Emakheni Cleaning & Industrial Solutions is a Level 1, 100 % female owned business that has now been trading for nine years. The focus of the company is on the industrial and commercial sectors

providing contract cleaning, hygiene solutions and garden maintenance. The company also undertakes specialised cleaning - high pressure and high-level cleaning - for factories. “As a business, we basically take care of the non-core activities of our clients so that they can focus on their core business.”

Portio’s background in chemical process engineering ensures that she understands what is required from a compliance point of view from the manufacturing and commercial sector which has strengthened

the business’s position.

“I understand the challenges that are experienced in factories when it comes to poor safety compliance and service delivery from contractors. So, we have made sure that we are aligned in terms of systems and that we are aligned with our clients in terms of making sure that we are ISO 9001 certified meaning that we have quality and safety systems in place.”

In addition, Emakheni’s cleaners are well trained and highly empowered. “We motivate them and make sure that they understand our clients and are able to deliver on a daily basis according to the plans of the client and the systems that are in place,” says Portio.

Journey of entrepreneurship

Portio reflected that her journey of entrepreneurship was inspired through the support of a number

of people who have helped both herself and Emakheni to grow from strength to strength. “Without that support I would not have made it in business because it has been a very intense and tough journey.”

She has also participated in a number of entrepreneurship development programmes including Raizcorp, Sekela ESD, Business Accelerator programme, Cataler SA and SLG programme.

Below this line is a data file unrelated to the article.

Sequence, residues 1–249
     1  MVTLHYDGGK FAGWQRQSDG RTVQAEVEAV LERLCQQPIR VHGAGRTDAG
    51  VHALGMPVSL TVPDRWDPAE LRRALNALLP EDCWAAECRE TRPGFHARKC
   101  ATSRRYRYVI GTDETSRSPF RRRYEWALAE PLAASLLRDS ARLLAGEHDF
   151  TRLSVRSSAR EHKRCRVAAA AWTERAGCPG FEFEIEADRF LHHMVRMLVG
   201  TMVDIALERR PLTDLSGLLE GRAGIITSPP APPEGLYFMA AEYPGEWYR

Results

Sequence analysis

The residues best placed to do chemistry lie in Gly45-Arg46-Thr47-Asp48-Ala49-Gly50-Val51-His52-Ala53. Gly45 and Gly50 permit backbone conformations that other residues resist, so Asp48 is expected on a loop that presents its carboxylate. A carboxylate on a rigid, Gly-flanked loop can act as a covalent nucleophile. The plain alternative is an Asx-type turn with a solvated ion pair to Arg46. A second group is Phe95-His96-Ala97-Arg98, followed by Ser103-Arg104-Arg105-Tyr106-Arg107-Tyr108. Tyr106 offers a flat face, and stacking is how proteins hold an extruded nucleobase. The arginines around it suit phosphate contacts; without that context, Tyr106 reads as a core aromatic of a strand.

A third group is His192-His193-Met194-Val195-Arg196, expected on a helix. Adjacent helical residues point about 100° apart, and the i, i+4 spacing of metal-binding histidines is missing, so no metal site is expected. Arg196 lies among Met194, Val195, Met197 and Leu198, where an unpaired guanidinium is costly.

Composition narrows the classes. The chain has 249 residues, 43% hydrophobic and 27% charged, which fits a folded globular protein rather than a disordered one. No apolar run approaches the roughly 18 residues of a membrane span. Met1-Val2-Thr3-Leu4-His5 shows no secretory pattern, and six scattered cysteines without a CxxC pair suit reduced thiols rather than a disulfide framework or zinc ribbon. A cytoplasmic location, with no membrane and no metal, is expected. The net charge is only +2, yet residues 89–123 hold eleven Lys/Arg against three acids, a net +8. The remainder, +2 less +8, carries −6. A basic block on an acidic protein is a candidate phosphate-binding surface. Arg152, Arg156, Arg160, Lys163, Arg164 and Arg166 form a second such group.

Her desire is to grow Emakheni to a provincial and national level and to also penetrate the manufacturing sector with other specialised services such as waste management and fuel and

chemical transportation. She also wants to solve other industrial problems in the manufacturing industry.

“Personally, I would love to get involved in empowerment programmes where I am in touch with initiatives that are empowering marginalised communities in terms of financial literacy, personal

development and skills development. Anything and everything that would elevate their lives from one level to the next.” Portio’s success in empowering others has resulted in her being recently appointed as a board member of USE-IT.

Making a difference featuring Portio Dlamini July edition of Business Sense
Making a difference featuring Portio Dlamini July edition of Business Sense

Portio explains that she achieves work life balance by planning. “It’s not an easy thing to do especially for us as women because we play a number of roles in our families and communities. I make sure that I plan my day and my week and that everything is done accordingly. I have also

learnt to train my staff and to delegate so that I am able to get time to myself, to do the things that I love and to spend time with the people that motivate and empower me.”

In conclusion Portio said, “My advice to other women is to discover who you are as a person. Discover your passions, your abilities and your strengths and start working on your own growth or your own career based on that.”